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Sunday, February 22, 2015

Keeping an Observing Log

Sky and Telescope magazine writer, Bob King, recently posted a great article on the Sky and Telescope website entitled "Pleasures of Keeping an Astro Journal". I could relate my experiences with keeping an Astro journal myself in so many ways with his article. I started keeping an observing log back when I was in my early teens at the same time I purchased my Astroscan 4.25" telescope from Edmund Scientific. The company had a special "bundle" deal with the telescope that included an observer's notebook.

Jupiter Observation from 1991.
Jupiter Observation from 1991.

After reading Mr. King's article, I pulled out the old orange, three-ring binder I that I now store all of my observing session entries I logged back in those days. The earliest entry was in July 1981, with the last one being logged in November 1992. As I flipped through the pages, it was interesting to see how my observing skills and recordings improved over the years. Around 1985, I ran out of Edmund's observing notebook blank pages. therefore, I created my own with a typewriter and a pencil compass. I included an example of my own observation form in this post with an entry of a Jupiter observation I made back in 1991.

There were times that I used a simple number two pencil as well as color pencils for sketches, but for most of the observing sessions, I stuck to a pencil. For example, there was a week back in April 1982, my Insight Observatory Associate, Muir Evenden, and I were on spring vacation from high school. The nights that week were so exceptionally clear, we set up my Astroscan 4.25" telescope in my front yard just about every night that week. We used a star atlas called "Seasonal Star Charts" I purchased from Orion Telescopes and Binoculars. Muir and I found at least 15 new deep-sky objects that week that we have never seen before. We sketched those objects with a simple pencil and made drawings of Mars, Jupiter, and Saturn one evening that week using color pencils.

Jupiter and Mars as observed through Astroscan 4.25" telescope 04/19/1982
Jupiter and Mars as observed through
Astroscan 4.25" telescope 04/19/1982

I highly recommend keeping an observer's notebook. Not is it only fun, you can detect detail in astronomical objects that cannot be detected with conventional imaging equipment. To quote Mr. King in his article, "There are many reasons to keep a journal. It's a low-pressure, low-tech creative outlet. Over the years, it's fun to look back at your Astro-adventures to relive a moment. Writing and sketching prepare the mind and eye to see better and more deeply the next time we step up to the telescope."
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Monday, February 16, 2015

A Pilgrim's Progress

On Saturday, February 7, 2015, a talk was given to the public at the Cotuit Library in Cotuit, Massachusetts.  Fellow Insight Observatory staff member, Harry Hammond and I gave a presentation entitled A "Pilgrims Progress" of amateur astronomy.  The event covered adventures that spanned over a 35 year period, as experienced by a couple of friends, showing their progress and pitfalls along their journey. The program was well-received by local residents of the town on an afternoon that was anticipating more snowfall in the Greater New England Area.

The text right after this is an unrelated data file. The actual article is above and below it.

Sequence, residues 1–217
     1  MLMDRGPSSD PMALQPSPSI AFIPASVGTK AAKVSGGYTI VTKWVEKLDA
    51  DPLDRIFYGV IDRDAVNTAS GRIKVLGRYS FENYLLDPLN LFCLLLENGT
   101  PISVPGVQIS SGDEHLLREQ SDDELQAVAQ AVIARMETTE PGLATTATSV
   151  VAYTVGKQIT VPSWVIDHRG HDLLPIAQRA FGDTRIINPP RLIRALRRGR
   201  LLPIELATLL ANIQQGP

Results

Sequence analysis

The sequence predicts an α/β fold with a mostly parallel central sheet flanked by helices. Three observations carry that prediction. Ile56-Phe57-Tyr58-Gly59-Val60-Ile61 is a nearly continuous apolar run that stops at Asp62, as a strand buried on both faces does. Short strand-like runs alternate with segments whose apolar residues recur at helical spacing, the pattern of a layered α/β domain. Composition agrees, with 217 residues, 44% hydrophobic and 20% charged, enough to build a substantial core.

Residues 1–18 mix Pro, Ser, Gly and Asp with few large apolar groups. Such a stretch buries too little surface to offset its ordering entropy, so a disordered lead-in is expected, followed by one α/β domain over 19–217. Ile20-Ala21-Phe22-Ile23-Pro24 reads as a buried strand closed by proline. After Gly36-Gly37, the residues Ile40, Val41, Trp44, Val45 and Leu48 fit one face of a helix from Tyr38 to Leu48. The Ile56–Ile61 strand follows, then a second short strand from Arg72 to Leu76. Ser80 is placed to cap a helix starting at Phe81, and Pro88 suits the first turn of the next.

A "Pilgrims Progress" Talk Given at the Cotuit Library
A "Pilgrims Progress" Talk Given at the Cotuit Library.

Harry and I started the presentation with stories of how we both independently became interested in astronomy. From those stories, the talk evolved into sharing our passions, such as mine for visual observing and Harry's for astrophotography. We both shared a few anecdotes of our individual experiences in amateur astronomy as well as our experiences together. A few examples are being Charter members of the Cape Cod Astronomical Society back in 1985 to collaborating together on the Sacred Heart School's Observatory project via Insight Observatory in the summer of 2014.

As Harry covered his experiences with astrophotography, he explained the basics of how back in the day, simple exposures of the night sky could capture brilliant colors from deep-sky objects such as diffused nebula. Harry also touched on such methods of the (now antiquated) technique of "hyper-sensitizing" print or slide film to the new conventional methods for astrophotography utilizing digital and CCD cameras.

M20 - Trifid Nebula in Sagittarius  Imaged by Harry Hammond.
M20 - Trifid Nebula in Sagittarius
Imaged by Harry Hammond.

I concentrated mostly on sharing my visual observing techniques with the telescopes I owned and used over the past three decades. The highlight of the talk for me was telling the story of the "Personal High" of my experiences with amateur astronomy. The experience occurred on the morning of February 11, 1989, around 1:00 am when I independently discovered extragalactic supernova 1989B in the galaxy designated M66 in the constellation, Leo.

The purpose of the talk was to share, introduce and hopefully inspire some of the attendees to the fun and rewards that can come from such an exciting hobby.
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